It’s intense, and this feel carries on throughout with tracks like Kiboho Chaos Hand (arguably the best track on here), which could be fairly described as a High Goth folk march; very much in the manner of side two of Yeti, an amalgam of clashes, squeals, drones, bangs and chants.
A fine, full and dense album (by dense I mean it’s quite some trip, and not something to be taken lightly or listened to in a half-hearted way). Be warned, you need to have your sense fully geared up to appreciate it, it is one of those records that can make you giddy or just plain old tired if you’re not in the mood.
Devastates has got a lot to offer, it is very seventies in the way Yeti or Liege and Lief is, it’s serious stuff and sometime you do feel the earnestness and “authenticity” gets in the way. At its worst, the record does feel like some elaborate Masque, or solemnly enacted folk dance performed on a “special day” for the amusement of a visiting head of state, say. But, enough of me jabbering on; when it’s good it’s a damn good listen. The opener, The Changing Wind, starts as a drugged, dreamy folk drone based on a repeating guitar line and some fairly abstract (and Japanese) vocal parts. All of a sudden, things kick off and a sort of groaning, grinding sea shanty develops. It’s intense, and this feel carries on throughout with tracks like Kiboho Chaos Hand (arguably the best track on here), which could be fairly described as a High Goth folk march; very much in the manner of side two of Yeti, an amalgam of clashes, squeals, drones, bangs and chants. Boats gives us breathing space courtesy of a crackling, richly textured plod that has this reviewer visualizing a slowly moving ice-flow, or crumbling shale slide.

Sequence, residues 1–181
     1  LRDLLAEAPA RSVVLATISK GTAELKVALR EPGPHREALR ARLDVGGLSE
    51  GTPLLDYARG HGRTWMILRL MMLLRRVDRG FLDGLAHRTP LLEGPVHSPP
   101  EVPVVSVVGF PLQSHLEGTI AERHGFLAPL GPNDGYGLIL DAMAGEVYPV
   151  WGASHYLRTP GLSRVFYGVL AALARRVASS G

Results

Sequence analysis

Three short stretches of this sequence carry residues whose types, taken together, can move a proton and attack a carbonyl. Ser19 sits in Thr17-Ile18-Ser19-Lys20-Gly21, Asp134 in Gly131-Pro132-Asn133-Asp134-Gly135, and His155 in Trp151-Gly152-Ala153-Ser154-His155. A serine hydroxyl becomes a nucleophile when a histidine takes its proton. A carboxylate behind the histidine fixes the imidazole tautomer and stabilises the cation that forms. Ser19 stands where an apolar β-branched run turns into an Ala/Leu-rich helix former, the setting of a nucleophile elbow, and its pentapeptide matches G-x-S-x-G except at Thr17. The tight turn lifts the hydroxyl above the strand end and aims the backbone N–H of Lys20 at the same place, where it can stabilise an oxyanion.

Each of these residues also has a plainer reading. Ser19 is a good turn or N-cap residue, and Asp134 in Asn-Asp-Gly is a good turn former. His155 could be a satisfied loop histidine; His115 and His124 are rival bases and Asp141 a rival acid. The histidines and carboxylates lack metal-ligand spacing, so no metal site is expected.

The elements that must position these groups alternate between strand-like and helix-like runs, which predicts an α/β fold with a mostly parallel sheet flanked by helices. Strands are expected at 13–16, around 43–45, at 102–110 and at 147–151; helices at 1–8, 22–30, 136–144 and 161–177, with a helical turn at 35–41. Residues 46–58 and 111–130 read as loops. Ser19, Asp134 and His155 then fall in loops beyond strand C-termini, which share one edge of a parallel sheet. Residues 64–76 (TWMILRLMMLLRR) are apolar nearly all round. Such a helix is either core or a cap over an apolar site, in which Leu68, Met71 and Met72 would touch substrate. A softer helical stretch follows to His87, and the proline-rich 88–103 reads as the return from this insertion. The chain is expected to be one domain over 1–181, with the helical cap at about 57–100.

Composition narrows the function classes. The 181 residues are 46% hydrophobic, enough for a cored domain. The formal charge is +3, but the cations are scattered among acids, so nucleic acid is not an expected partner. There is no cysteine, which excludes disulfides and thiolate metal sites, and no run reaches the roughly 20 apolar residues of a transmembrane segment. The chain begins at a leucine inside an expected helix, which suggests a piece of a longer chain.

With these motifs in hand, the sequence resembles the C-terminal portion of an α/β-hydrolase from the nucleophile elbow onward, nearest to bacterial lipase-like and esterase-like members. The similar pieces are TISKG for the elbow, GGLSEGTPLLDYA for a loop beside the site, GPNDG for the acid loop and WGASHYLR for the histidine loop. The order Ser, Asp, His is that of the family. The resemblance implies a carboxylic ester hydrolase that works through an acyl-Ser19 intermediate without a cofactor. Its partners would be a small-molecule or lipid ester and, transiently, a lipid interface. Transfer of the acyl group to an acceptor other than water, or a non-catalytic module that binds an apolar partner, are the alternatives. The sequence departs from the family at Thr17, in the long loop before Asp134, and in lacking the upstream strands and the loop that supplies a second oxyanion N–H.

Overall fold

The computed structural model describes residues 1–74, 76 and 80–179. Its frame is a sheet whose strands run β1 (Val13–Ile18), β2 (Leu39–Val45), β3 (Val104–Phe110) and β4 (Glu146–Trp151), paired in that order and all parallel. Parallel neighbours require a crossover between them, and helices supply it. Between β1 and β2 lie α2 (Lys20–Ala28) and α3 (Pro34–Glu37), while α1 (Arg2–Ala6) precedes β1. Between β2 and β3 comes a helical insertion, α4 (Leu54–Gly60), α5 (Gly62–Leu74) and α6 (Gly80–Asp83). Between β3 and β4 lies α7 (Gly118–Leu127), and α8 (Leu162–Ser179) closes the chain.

In fact the slower tracks have a deceptive power about them – The Power and the Wake is a tense lament, which overcomes a fairly nondescript opening minute or so and slowly drags the listener into its sparse, melancholy world. The same can be said with Invocation one of those tracks which sounds exactly like its title. The only real let down are bits of In A Blanket of Leaves, when things get a little too Nuts in May for my liking… (About four minutes in you feel like yelling “get on with it!”), but luckily the record rights itself for a breezy send-off in the form of The Wind Come Carry.
Enjoyable but we warn you, this is to be digested at your leisure.